1. If you choose to "Retain the associated VHD" the lease will be removed but the blog containing the VHD will be kept in your Storage Account. You may choose this option if you plan to delete the VHD directly from your storage account VHDs container, create a new Disk pointing to the existing VHD, download to your on-premises environment or just leave it there for future use.

 

References:

How to Attach a Data Disk to a Virtual Machine
How to Detach a Data Disk from a Virtual Machine

 

Hope it helps.

Flavio Muratore
Sr. Support Escalation Engineer
Windows Azure Technical Support

Comments (25)

  1. What if you have already deleted the VM? says:

    I accidentally deleted the VM first and then tried to delete the disk and got the "There is currently a lease on the blob…" error. How do I now go delete the blob if there is no VM associated with it any more?

  2. You do not need any VMs present to follow the procedure described here.

  3. Kris Spencer says:

    This doesn't work if the blog  is attached to a non existent VM.. Thanks for another useless piece of documentation from microsoft!

  4. Mike says:

    Same issue here, DISK can't be deleted because it is attached to a no longer existing VM.

    How do we delete a disk pointing to a no longer existing VM?

  5. Gary says:

    Same issue here. Seems impossible to delete the VHD when azure thinks its still attached to a VM, and the VM no longer exists. One of several severe flaws we've found with Azure.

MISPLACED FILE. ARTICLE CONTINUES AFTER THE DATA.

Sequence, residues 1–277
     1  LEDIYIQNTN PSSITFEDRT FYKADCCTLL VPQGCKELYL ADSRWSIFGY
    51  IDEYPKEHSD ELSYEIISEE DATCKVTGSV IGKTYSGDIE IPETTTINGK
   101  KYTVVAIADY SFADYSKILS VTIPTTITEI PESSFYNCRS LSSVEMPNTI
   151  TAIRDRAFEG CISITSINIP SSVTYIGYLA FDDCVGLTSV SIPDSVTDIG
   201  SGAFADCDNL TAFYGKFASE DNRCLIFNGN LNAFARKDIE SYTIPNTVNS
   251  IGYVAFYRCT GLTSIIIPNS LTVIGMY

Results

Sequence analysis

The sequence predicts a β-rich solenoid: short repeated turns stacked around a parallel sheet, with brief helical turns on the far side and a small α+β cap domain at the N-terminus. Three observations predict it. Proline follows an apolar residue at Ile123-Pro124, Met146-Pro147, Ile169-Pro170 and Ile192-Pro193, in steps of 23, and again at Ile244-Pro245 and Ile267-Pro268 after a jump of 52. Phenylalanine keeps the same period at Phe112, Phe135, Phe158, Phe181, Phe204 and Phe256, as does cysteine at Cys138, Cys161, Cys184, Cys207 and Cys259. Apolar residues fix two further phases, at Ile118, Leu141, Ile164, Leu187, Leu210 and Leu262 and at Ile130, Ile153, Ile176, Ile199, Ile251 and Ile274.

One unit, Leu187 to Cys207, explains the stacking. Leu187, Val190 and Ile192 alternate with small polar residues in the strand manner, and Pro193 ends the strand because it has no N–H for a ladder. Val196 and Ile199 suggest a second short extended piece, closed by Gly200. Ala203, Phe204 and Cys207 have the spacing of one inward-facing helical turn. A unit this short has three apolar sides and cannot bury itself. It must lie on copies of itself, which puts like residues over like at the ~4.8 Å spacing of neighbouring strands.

6. Dave says:

    Same issue here too. DIsk cannot be deleted as the option is greyed out. The Management Portal reports that the disk is attached to a VM but this VM was deleted a week ago. How can I delete the disk?

  7. Crispy says:

    Same Problem here. VM, deployment and Service are no longer available. Now im stuck with my VHD. Can't delete it with the Management Portal, the System Center App Controller nor azure powershell cmdlets.

    Do i have to open a Support case for this?

  8. Kaysoft says:

    I ended up begging TECH SUPPORT as I was on FREE TRIAL to help clearing the ATTACHED-TO field and was able to cleanup disks.

    See: social.msdn.microsoft.com/…/data-disk-is-still-attached-to-deleted-vm

  9. StephenP says:

    This guide appears to work as described. A virtual machine does not need to be present in order to remove the associated disk(s) — as in my case.

  10. WDPhillips says:

    I already deleted the VM and still couldn't delete the blob. I went back to the VM list and hit Disks. The disk was still there. Removed it there and all good. Not sure if it's a bug or a feature. Would be good if you accidentally removed it.